Figure 4. The DT generated using training samples.
Figure 4. The DT generated using training samples.
Remotesensing 07 15820 g004

3. Results

3.1. Feature Analysis and Selection

As shown in Figure 3, annual crops have shorter growth seasons than grasses. Corn was planted slightly earlier than soybean, but their curves were quite similar. Winter wheat was characterized with the earliest peak in NDVI (in April–May). The winter wheat-soybean (WWsoybean) double cropping had the earliest peak in NDVI in April–May and a second NDVI peak in fall. Cool-season grass (CSG) started its growth in early spring and reached peak growth in April to May, while warm-season grass (WSG) started in later spring and had delayed peak dates. In addition, CSG turned into dormancy in summer and has a second growth peak in fall, while WSG just remained green in summer.
Table 3 presents the F values of 31 features after 10 steps of SDA analysis. 10 features were selected (the first 10 features in Table 3) by SDA. Interestingly, three of five TSIs were selected, which suggests that the TSI features appeared to be informative for differentiating crop types. Those features selected by and SDA were selected as input features for image segmentation (highlighted in bold in Table 3). 13 images were used in the 10 selected features (seven NDVIs and three TSIs).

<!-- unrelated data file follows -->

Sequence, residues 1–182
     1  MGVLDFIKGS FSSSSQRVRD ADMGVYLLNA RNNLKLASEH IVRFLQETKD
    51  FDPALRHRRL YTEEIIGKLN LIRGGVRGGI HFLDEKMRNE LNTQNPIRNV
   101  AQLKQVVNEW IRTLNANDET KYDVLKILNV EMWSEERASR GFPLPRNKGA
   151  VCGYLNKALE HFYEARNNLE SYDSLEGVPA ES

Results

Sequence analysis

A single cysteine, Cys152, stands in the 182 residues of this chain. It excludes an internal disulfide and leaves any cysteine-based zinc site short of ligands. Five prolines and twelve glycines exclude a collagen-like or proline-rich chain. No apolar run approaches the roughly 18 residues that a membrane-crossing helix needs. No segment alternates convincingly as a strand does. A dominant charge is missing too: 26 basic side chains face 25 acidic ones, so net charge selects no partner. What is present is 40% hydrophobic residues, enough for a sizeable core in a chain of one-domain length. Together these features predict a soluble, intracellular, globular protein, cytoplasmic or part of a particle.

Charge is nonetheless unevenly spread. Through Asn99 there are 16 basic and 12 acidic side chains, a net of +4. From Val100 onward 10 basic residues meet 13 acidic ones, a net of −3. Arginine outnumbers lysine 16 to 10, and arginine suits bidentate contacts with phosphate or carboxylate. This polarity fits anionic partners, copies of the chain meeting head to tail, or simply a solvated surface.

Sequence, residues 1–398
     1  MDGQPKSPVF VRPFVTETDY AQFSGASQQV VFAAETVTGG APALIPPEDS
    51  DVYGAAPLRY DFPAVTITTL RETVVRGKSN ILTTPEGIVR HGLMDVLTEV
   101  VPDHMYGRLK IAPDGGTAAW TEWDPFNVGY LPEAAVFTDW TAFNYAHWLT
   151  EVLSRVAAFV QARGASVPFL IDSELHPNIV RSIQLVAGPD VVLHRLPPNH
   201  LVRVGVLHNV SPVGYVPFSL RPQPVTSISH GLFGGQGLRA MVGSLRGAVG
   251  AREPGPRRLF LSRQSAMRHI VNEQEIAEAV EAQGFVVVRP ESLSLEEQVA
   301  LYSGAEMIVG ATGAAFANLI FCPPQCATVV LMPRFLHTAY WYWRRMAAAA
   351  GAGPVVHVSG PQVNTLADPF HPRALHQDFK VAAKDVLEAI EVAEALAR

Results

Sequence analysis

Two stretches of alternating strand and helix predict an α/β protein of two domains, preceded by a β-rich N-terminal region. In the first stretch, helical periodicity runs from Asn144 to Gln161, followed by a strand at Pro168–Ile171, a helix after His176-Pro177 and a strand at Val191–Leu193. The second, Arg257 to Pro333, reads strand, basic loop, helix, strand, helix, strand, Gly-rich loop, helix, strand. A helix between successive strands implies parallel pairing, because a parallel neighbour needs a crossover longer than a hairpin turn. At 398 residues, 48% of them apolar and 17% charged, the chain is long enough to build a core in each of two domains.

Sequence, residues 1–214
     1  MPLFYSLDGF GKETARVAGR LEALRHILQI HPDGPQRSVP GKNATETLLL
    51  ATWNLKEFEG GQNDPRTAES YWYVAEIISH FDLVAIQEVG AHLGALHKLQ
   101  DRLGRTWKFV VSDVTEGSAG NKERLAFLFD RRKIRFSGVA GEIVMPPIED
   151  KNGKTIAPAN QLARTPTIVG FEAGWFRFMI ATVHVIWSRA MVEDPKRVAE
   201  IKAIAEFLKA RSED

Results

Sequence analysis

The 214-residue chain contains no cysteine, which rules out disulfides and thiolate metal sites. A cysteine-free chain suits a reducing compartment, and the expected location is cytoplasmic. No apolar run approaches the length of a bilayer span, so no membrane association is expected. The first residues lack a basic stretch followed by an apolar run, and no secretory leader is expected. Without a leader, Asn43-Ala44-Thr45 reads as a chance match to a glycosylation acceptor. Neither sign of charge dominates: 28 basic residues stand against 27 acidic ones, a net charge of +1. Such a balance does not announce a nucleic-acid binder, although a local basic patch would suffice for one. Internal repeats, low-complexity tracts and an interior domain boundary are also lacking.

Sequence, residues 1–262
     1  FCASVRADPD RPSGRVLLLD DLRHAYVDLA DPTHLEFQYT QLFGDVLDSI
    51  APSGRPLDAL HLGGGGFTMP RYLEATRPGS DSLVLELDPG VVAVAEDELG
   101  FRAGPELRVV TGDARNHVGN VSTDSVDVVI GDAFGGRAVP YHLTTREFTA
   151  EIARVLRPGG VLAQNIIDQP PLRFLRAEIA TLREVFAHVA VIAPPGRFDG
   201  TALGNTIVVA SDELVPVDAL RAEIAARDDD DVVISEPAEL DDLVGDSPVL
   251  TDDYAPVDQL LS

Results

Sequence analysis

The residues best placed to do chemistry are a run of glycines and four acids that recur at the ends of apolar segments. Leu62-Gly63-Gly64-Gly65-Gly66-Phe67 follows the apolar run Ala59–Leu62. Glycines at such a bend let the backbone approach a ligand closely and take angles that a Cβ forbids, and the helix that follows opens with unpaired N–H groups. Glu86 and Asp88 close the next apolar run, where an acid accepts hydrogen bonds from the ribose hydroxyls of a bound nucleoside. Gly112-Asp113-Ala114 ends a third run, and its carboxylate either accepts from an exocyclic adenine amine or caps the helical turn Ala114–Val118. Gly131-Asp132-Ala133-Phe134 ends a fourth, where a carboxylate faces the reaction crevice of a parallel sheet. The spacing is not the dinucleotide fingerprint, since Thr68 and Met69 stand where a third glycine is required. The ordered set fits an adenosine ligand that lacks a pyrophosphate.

Means and standard deviations of training samples of the 10 selected features for six crop types are shown in Figure 5. NDVI 6 can split the samples into two groups (high NDVI and low NDVI). TSI 3 can separate corn from other crops because corn has high TSI 3 values while those of other crops are close to zero, or even negative. WSG has higher value of TSI 4 than corn and soybean and CSG has higher TSI 4 than winter wheat and WWsoybean. WWsoybean has higher TSI 5 than winter wheat. Therefore, it is reasonable that these four features were used in image segmentation and DT classification.
Table 3. F value of 31 features after 10 steps of SDA analysis.
Table 3. F value of 31 features after 10 steps of SDA analysis.
FeatureToleranceF ValueWilks‘ Lambda
NDVI TSI 40.23423.6360.005
NDVI 010.87323.1080.005
NDVI 080.51618.6440.004
NDVI 060.07217.2190.004
NDVI 200.0410.9180.004
NDVI 260.60710.8280.004
NDVI TSI 30.2919.9920.004
NDVI TSI 50.0369.7570.004
NDVI 140.2126.9040.004
NDVI 050.0645.5570.004
NDVI 090.0773.8310.004
NDVI 190.13.7540.004
NDVI 130.0383.4280.004
NDVI 120.1413.2480.004
NDVI 240.2193.2480.004
NDVI 170.3082.6870.004
NDVI 250.0822.6490.004
NDVI 070.0422.6090.004
NDVI 220.2582.6070.004
NDVI 110.2342.2150.004
NDVI 160.3222.1640.004
NDVI 100.2062.140.004
NDVI TSI 20.1182.0330.004